The Breakfast Club | rel. 1984 | dir. John Hughes
The Breakfast Club is often hailed as the greatest high school movie ever made. When I realized that I was one of the very few high school students who had not yet witnessed the pure brilliance of this John Hughes classic, I felt a little left out. I wanted to see what all the fuss was about.
Before I delve into my opinion of this film, I want to discuss my experience as a high school student thus far. I attend a suburban high school with a lovely campus, much like the setting of The Breakfast Club. My high school has its share of nerds, jocks, cheerleaders, preps, and some others who would fall into the misc. category. But people kind of just mind their own business at my school. There is a lot of cross-pollination going on at my school. One can have brains and be involved in a lot of social activities. Nerds can be fantastic athletes. People have a choice to make friends or be a loner. I don't know if I'm just extraordinarily lucky or not, but I go to a pretty accepting school. People know each other and generally treat each other with respect. If a cheerleader were to speak to a nerd, it would not tarnish either party's social record.
Everyone is a little bit of everything around here.
I think one of the advantages of attending a fairly liberal school is that stereotyping is pretty minor and kept at an inoffensive distance. Perhaps that creates a more friendlier, less conflicted environment. Teachers are more aloof. Students choose to light up away from the school. Complete and total rebellion is kept at a minimum.
(I bet if several of my friends read this, they would give me the look the average middle-class person would give to President George W. Bush whenever he insists that America's economy is strong. But it's all about generalities and perspectives, my friends.)
Because of my experience (or lack thereof) as a teenager and high school student, I could not relate to or care for The Breakfast Club. I guess the most plausible explanation is that the film is simply dated. It has elements of the eighties glossed all over it--the fashion, the music, the hairstyles, etc. Then again, I love the eighties, so that couldn't have been a factor in my dislike of the film. But isn't stereotyping supposed to be a timeless message? Of course it is. Even if it doesn't happen at my school, I'm sure it happens in other schools. But I don't think Hughes executed his message about destroying the concept of stereotypes at all. In the end, I was completely lost in Hughes's mixed message about the world called high school.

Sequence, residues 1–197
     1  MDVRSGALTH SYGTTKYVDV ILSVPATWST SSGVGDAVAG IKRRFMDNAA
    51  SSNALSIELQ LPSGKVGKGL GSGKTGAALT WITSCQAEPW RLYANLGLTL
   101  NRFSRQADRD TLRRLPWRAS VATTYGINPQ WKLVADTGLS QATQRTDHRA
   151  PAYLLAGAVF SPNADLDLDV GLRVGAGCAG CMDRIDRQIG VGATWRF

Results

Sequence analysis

The Breakfast Club centers around five teenagers who show up for a day-long detention at the school library: the brain (Anthony Michael Hall), the athlete (Emilio Estevez), the basket case (Ally Sheedy), the princess (Molly Ringwald), and the criminal (Judd Nelson). At first, they can't stand each other; conflicts are created. But little by little, they reach over their comfort zones, start talking each other and realize they have more in common than they initially thought.
All this felt forced and rather dull. The conversations aren't engaging and the characters aren't at all likable. I can't blame the performances--the young actors are quite good--but the characters definitely feel underdeveloped. Hughes is an interesting storyteller and creates somewhat authentic characters, but something is missing in his dialogue. Something doesn't ring true. So even though it might seem like it sometimes, no one is ever black and white. Okay, I get it... Then why couldn't these characters look each other in the eye before?
Apart being branded with their stereotypes, how do these kids really feel about the people they associate with everyday who are also branded with a similar stereotype? How do they feel about being part of such a group? Perhaps all my answers are answered somewhere in the film, but everything seems to be muzzled by excessive, annoying, and hard-to-relate to whining. Hughes doesn't really create a world for the high school, which makes his smaller world between these five teens harder to believe.
A major problem I have with the film is the ending. Comfort zones are broken down. Characters are changed. But do they change for the better? Do they finally accept who they are? Why must one of the characters change completely just so she could be accepted and loved by another character? (Yes, I'm referring to Sheedy's character.) Sure, I can understand how The Breakfast Club is a teen classic (Nostalgia? Maybe.), but it is nowhere close to one of the best high school movies ever. The film contradicts itself too much and lacks the truest emotions and wonders of being at such an interesting and sometimes difficult age.
I will be re-watching this film as a companion piece to The Catcher in the Rye in my English class some time during the spring semester. So yes, this film will be re-reviewed to see if my feelings toward this film have been changed or not.